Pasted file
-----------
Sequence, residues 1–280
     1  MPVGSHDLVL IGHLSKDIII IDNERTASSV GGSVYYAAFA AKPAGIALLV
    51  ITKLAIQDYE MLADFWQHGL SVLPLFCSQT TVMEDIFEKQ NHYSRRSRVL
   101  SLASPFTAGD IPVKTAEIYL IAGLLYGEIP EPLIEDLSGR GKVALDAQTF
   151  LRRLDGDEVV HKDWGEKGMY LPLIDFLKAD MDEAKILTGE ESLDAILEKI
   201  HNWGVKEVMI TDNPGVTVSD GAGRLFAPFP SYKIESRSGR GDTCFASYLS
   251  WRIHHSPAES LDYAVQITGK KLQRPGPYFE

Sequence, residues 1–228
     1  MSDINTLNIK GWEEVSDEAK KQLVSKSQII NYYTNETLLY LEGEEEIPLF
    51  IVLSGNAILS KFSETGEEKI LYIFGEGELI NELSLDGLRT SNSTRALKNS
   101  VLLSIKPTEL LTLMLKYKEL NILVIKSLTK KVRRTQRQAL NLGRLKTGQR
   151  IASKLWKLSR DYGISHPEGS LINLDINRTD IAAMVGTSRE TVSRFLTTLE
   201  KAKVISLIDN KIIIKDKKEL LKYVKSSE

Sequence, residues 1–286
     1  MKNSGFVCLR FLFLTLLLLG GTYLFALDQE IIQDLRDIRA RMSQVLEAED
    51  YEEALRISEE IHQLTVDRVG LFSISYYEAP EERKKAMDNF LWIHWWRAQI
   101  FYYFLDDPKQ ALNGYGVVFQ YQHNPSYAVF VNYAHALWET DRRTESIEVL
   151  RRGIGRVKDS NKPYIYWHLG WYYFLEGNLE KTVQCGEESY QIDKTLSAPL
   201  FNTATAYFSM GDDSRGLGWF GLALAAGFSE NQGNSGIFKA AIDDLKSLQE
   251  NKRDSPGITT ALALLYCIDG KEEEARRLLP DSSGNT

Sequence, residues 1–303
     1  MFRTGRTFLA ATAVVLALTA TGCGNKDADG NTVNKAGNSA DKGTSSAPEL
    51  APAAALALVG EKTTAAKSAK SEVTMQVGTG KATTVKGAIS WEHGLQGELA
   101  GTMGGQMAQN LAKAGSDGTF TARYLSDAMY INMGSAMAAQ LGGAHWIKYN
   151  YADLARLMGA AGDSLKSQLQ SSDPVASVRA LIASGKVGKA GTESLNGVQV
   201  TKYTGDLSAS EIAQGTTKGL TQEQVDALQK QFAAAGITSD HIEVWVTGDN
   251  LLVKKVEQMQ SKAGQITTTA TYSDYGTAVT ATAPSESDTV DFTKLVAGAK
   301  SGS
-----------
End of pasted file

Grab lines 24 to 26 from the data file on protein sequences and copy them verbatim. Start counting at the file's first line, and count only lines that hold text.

   101  GTMGGQMAQN LAKAGSDGTF TARYLSDAMY INMGSAMAAQ LGGAHWIKYN
   151  YADLARLMGA AGDSLKSQLQ SSDPVASVRA LIASGKVGKA GTESLNGVQV
   201  TKYTGDLSAS EIAQGTTKGL TQEQVDALQK QFAAAGITSD HIEVWVTGDN